Authentic Signs of Intelligence That Can’t Be Faked

 

Intelligence is your brain’s capacity to deal with a wide range of thoughts and ideas.

Like most things, therefore, intelligence is a process.

It is not a static state.

It is not something you either have or don’t.

Your brain is something you cultivate.

Intelligence stems fundamentally from thinking.

Thinking is a choice. It requires one essential thing: effort.

Thought is work. Thought is effort.

Thinking develops your brain. It increases your intellectual power and range.

Non-thought, corollarily, is something you can change.

You become brilliant.

You learn to be smart.

You are not afraid of new ideas because you know your brain can measure and weigh and test these new ideas — in the same way your brain can create new onomatopoeias.

A cultivated mind is an intelligent mind.

It is also beautiful and strange and rather difficult to find.

Thought is both the source and also the end result: it is the goal. It is the driving force.

It is an end in itself.

Intelligence is your ability to think.

This ability can be habituated and developed, or not, depending on what you prefer to do with your time.

You know you’re in the presence of a brain that’s been cultivated when you see some of the following:

Fast, fluid handwriting that’s legible.

There’s a misbegotten notion that illegibility is a sign of a smart person when in actuality it’s the other way around:

People who write legibly want to be understood. Thus they make an effort to present themselves clearly, which takes brain power. Quick, clear handwriting shows practice and patience, which in turn shows development.

Quick wit almost invariably signals that someone’s mind has been cultivated:

Wit is mental sharpness. It is cognitive acuity. It is keenness.

Similarly — and for the same reasons — people who like to laugh, and who in turn like to make others laugh, are frequently smart.

A sharp sense of time and direction show brain power.

Why?

Because a sharp sense of time and direction indicate attention and focus.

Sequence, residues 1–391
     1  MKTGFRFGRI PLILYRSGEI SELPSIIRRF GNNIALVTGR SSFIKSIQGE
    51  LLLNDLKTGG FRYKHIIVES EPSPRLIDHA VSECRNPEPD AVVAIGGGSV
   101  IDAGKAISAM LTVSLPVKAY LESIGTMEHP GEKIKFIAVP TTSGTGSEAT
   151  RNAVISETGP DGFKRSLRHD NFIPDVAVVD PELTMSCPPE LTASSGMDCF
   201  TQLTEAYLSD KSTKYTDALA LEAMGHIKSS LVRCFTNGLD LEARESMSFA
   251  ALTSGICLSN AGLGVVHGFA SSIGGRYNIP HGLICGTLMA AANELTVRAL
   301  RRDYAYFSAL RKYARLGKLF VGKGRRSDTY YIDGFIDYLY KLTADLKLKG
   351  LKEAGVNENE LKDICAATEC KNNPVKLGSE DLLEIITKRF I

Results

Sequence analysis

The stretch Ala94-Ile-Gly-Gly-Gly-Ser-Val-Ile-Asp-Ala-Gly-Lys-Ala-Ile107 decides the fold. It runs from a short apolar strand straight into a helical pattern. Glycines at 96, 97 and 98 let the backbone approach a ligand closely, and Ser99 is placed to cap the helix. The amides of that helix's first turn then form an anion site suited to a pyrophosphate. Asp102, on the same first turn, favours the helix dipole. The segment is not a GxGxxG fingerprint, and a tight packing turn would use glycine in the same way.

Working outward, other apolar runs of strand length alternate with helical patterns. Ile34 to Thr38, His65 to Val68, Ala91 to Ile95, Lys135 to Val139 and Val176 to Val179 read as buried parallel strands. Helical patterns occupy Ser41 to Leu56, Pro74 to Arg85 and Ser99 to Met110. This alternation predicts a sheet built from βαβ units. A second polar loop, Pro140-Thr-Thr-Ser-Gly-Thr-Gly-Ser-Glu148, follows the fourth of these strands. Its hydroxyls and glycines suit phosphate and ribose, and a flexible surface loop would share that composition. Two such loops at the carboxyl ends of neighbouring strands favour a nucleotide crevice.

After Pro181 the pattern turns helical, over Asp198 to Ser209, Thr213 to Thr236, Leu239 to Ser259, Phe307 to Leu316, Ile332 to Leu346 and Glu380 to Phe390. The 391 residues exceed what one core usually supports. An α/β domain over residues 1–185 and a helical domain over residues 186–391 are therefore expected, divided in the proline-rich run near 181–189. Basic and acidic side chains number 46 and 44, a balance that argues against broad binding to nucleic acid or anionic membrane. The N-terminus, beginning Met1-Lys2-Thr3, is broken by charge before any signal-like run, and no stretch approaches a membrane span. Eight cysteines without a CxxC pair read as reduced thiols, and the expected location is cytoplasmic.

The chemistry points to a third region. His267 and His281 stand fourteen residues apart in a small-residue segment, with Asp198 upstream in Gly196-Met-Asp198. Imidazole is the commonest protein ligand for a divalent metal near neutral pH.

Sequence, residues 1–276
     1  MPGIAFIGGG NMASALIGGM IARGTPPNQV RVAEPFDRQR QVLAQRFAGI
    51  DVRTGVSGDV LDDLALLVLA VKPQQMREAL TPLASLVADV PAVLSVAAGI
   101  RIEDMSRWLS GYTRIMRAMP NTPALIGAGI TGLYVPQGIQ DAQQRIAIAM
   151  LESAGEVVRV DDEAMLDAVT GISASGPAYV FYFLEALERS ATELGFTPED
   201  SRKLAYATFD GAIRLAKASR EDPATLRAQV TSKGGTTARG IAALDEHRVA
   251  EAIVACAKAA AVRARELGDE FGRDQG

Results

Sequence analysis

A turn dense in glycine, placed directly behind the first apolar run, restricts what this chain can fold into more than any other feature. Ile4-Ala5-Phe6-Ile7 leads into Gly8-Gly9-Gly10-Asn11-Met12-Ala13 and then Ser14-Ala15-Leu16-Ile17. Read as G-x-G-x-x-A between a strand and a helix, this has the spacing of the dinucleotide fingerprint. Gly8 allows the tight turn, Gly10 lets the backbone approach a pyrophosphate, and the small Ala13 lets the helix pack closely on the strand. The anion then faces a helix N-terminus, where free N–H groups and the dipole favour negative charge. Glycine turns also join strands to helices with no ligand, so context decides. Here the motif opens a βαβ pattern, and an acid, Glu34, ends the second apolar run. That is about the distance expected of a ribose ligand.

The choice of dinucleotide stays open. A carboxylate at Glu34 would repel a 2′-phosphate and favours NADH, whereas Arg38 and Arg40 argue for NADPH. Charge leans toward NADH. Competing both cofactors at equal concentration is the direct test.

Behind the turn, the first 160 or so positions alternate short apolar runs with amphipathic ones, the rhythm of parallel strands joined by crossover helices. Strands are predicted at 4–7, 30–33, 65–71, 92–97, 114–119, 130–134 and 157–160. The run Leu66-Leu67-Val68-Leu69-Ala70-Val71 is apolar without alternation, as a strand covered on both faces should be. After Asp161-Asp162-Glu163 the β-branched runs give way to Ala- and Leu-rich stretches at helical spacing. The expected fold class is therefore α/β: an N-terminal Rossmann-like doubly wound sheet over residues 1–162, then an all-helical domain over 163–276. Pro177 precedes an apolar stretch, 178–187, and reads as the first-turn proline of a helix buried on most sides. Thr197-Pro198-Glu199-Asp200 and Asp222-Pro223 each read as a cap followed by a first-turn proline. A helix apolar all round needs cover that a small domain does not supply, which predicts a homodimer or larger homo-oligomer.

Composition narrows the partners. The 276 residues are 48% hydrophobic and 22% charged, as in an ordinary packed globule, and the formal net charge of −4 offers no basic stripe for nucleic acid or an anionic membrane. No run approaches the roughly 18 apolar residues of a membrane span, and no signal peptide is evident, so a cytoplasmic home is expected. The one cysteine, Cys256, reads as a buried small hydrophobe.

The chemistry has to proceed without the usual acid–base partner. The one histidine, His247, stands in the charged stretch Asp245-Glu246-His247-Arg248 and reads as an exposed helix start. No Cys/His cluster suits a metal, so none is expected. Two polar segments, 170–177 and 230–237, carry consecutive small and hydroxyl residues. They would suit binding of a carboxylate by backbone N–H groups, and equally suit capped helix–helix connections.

The choice to focus or not is the seat of human thought.

The choice to pay attention is where it begins — and ends. It is the locus.

Smart people, virtually by definition, are also more curious.

They are thus more tolerant of ambiguity, just as they are also more tolerant of differences in others — grasping, as they do, what for many of us is blindingly obvious:

The brain is a complicated place, and largely, for this reason, no two people are alike. This basic act of apprehension gives any person who performs it a more complex and more subtle and more sophisticated mode of thinking.

Obsessive worry is a strong indicator of intelligence because it discloses a racing mind that’s never at rest but always thinking, always considering.

This is why some of the greatest thinkers and innovators in world history were monomaniacal ruminators.

Smart people like to read for fun.

People who take active pleasure in reading, rather than doing so out of duty or reading purely for information, unquestionably have brains they’ve worked to cultivate — which means, among other things, “avid readers have better memory function, communication skills, and focus” (source).

Truly intelligent people like to often be alone.

Which doesn’t necessarily mean they’re introverted (although they can be), nor does it mean they don’t like spending any time with friends and other people.

Rather, intelligent people prefer a lot of privacy and space, just as they prefer to pick and choose the time they spend among others because they are independent and they value their independence, in part because it gives them time to think, as well as time to relax.

Smart people, understand, genuinely smart people, as against the book-smart and the pedantic and all the other imposters, are autonomous and have the authentic confidence that can only come from thought and the comprehension that thinking fosters.

Smart people are self-aware.

And because they are self-aware, smart people recognize their mistakes and failures, and they learn from them.

Self-awareness and insight into self is, incidentally, one of the few foolproof signs of intelligence.

People who can argue articulately and convincingly — and from many different angles — have, to that extent, clearly cultivated their brains:

Their minds through practice are able to move nimbly from one idea to another, like a long-legged river-spider skating upon the water.

Yet they are often slow to speak and swift to hear:

Genuinely smart people almost invariably consider what they’re going to say before they say it. Their brain is honed in such a way that it’s quicker than their mouth.

What, after all, does it mean to be smart?

It means to stylize your brain, like a work of art.

It means to cultivate your thoughts for as long as you’re alive — cultivate your thoughts as if they’re the plants of a living garden.

Cultivate them, yes, before your ideas, only partially thought through, ooze into dogma and then fully harden.

It means to observe the universe around you, as well as the one within: to introspect, as thoughtful people do.

It means to be intelligent, like you.

[This is excerpted from a free video course I recently taught, which you can download here. Please do!]

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  1. SkipSul Inactive
    SkipSul
    @skipsul

    Ray (View Comment):